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Scientists Propose New Way to Treat Depression With Brain Implants

An x-ray image of someone who had electrodes implanted into their brain to manage their Parkinson's disease. Image: Hellerhoff (Wikimedia…

An x-ray image of someone who had electrodes implanted into their brain to manage their Parkinson’s disease. Image: Hellerhoff (Wikimedia Commons)

In recent years, doctors have explored an unorthodox method to address cases of Depressie die niet heeft gereageerd op andere behandelingen: verzending precieze elektrische schokken direct aan gebieden van een patiëntenbrein, anders bekend als diepe hersenstimulatie (DBS). Terwijl de techniek heeft getoond een aantal beloften, zijn positieve effecten vaak te inconsistent.

But a new study from the University of California, San Francisco, published Thursday in Current Biology, seems to offer an intriguing step forward for DBS as a therapy for depression. Their research suggests there’s another possible target for stimulation, one that might provide more reliable improvements in mood. DBS, even mania.

DBS is commonly used to manage neurological conditions such as Parkinson’s disease and epileptic seizures. These conditions are characterized by variable electrical activity in certain brain regions, and the impulses used in DBS-sent through electrodes implanted in the brain via surgery and controlled by a device also usually implanted in the body elsewhere-are thought to act as a pacemaker , temporarily restoring a healthy brain pattern and easing people’s symptoms. People with depression also tend to have abnormal brain activity, so it’s been theorized that DBS could be helpful for difficult, treatment-resistant cases of depression.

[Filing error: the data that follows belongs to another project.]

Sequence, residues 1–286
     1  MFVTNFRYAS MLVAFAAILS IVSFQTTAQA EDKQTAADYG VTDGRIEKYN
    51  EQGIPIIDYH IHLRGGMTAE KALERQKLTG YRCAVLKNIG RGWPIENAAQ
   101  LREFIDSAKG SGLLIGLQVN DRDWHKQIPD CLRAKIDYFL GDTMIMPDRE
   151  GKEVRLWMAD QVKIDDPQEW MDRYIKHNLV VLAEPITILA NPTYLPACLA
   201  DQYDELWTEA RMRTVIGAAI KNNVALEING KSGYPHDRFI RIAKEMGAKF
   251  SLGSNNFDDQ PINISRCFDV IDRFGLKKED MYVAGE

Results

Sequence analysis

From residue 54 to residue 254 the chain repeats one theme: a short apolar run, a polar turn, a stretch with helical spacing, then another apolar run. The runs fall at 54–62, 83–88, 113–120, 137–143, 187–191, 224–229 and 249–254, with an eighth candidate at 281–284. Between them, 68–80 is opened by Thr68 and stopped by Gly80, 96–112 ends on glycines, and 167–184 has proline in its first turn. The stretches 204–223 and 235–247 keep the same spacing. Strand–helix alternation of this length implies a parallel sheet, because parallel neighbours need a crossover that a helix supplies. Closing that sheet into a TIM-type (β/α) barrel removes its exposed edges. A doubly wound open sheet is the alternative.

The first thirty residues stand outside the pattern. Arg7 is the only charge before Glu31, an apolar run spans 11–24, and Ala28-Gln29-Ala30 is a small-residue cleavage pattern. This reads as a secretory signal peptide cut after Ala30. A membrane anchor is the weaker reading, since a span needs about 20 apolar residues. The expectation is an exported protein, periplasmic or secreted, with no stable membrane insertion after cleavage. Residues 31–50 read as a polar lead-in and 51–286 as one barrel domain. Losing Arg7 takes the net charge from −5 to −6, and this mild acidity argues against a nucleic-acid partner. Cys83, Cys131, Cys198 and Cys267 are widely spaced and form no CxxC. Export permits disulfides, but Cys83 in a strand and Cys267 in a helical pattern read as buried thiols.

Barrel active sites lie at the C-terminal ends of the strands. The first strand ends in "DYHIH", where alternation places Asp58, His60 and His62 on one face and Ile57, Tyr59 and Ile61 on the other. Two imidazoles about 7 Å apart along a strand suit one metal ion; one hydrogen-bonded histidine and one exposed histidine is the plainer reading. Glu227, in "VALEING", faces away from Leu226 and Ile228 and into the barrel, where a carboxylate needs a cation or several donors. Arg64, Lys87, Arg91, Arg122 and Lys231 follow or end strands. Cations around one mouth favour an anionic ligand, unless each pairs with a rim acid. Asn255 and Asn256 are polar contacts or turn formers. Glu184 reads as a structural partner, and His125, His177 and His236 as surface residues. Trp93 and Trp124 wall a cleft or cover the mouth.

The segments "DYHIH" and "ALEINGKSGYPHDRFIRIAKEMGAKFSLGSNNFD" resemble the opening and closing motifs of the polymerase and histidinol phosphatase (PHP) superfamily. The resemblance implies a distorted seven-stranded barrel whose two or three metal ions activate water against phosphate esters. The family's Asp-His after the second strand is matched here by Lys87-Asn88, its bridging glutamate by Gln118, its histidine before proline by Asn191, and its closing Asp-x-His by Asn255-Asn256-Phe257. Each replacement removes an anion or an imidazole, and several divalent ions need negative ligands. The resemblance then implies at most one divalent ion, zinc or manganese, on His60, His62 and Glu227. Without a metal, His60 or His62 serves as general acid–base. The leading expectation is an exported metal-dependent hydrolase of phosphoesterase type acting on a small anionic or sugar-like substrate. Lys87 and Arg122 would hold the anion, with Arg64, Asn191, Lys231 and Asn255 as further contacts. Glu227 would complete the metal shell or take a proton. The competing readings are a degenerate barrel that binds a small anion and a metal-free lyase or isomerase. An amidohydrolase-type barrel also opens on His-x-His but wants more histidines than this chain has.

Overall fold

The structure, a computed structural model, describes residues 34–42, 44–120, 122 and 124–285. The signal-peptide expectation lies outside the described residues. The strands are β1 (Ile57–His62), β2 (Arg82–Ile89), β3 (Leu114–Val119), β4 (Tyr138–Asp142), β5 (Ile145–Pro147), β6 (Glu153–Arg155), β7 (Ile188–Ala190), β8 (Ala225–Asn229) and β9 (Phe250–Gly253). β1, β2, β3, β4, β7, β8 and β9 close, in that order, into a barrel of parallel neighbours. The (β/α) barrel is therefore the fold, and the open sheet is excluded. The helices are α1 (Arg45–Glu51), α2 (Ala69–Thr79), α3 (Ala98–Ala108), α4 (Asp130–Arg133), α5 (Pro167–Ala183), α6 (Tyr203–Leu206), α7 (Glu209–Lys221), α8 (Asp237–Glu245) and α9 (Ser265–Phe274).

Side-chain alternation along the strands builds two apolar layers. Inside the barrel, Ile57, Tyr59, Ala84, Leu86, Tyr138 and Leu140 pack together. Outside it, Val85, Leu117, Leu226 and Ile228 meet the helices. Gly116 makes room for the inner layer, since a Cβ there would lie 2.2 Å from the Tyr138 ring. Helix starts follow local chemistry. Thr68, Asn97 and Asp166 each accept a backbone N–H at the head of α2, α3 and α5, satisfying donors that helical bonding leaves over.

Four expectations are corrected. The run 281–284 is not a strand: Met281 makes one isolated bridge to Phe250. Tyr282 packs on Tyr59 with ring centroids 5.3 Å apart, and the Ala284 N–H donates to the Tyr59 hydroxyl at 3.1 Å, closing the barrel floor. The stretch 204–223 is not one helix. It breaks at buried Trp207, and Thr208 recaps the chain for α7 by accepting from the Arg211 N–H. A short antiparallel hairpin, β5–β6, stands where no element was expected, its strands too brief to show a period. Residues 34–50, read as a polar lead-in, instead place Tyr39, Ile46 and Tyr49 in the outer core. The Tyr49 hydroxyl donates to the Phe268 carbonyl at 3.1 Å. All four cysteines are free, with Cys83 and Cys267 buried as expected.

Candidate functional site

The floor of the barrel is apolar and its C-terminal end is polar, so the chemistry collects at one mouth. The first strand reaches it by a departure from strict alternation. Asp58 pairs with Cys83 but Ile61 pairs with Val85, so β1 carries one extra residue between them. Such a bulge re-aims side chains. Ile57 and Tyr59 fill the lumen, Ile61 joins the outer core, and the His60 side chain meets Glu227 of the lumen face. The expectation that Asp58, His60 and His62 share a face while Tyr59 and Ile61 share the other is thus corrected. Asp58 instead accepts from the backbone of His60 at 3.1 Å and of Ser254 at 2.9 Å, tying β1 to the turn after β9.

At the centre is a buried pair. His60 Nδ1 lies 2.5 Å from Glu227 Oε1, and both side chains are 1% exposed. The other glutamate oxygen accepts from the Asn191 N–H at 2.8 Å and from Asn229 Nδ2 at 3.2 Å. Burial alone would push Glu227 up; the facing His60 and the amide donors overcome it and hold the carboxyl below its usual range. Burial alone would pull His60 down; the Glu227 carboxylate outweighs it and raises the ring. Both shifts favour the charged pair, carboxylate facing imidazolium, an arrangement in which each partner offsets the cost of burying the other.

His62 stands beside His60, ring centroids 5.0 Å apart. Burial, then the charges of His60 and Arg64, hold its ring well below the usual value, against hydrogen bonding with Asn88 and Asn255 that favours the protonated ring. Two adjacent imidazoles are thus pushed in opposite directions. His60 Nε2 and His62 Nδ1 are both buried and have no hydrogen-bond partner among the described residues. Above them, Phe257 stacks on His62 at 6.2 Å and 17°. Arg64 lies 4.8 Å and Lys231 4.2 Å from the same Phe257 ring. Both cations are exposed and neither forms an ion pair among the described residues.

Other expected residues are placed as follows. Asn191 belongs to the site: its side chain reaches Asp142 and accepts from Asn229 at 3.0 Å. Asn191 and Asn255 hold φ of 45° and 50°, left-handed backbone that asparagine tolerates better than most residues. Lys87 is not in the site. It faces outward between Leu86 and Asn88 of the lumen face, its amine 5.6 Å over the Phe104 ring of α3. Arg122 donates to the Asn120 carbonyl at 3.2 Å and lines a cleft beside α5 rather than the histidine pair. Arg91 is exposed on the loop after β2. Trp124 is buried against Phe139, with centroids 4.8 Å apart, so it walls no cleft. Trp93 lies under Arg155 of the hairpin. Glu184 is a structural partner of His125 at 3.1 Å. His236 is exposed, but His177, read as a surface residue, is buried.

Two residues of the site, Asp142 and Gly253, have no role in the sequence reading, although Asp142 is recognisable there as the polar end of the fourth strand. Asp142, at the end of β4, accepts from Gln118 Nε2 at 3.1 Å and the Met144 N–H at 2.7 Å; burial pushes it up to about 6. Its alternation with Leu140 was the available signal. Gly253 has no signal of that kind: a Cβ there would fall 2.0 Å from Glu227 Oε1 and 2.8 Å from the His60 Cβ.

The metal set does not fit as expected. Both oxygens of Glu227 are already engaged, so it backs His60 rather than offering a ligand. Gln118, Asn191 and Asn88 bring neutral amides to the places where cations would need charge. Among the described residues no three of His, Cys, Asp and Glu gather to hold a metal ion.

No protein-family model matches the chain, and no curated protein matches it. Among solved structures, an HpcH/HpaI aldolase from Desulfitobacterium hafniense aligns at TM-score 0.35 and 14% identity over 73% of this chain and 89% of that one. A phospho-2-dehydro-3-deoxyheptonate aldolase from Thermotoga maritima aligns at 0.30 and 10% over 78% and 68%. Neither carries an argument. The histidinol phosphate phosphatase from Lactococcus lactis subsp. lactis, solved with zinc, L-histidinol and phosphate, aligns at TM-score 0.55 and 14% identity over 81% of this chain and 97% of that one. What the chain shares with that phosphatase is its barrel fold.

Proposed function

The researchers behind the current study had the opportunity to conduct a unique experiment. De var i stand til at studere 25 patienter med kronisk epilepsi planlægning at undergå en operation som ville midlertidigt implantere elektroder i deres hjerne. De implantaten zouden let dokters uitzoeken waar in de hersenen de patiënten’s aanvallen afkomstig waren, door opnemen van de lokale neurale activiteit van een gericht hersengebied (bij het lokaliseren van de aanvallen, de dokters zouden dan kunnen plannen hoe de veilige delen van the brain at a later time). Men for deres forsøg, var forskerne i stand til at anvende disse samme implantater til hovedsagelig mimic a session of DBS.

The patients had implants placed in various areas of the brain, including near the lateral portion of the orbitofrontal cortex (OFC), a region located right behind the eye. The OFC is known to play a role in decision making, emotion-processing, and mood regulation. And while it’s also implicated in depression, it has not been studied extensively as a stimulation target.

Over the course of several days, the volunteers had different brain regions stimulated via DBS, including the OFC. Soms, de patiënten werden in plaats daarvan gegeven een sham stimulatie, die optrad als een controle. Og efter hver stimuleringssession, de talte om, hvordan de var følte og besvarede spørgeskemaer med det formål at vurdere deres humør.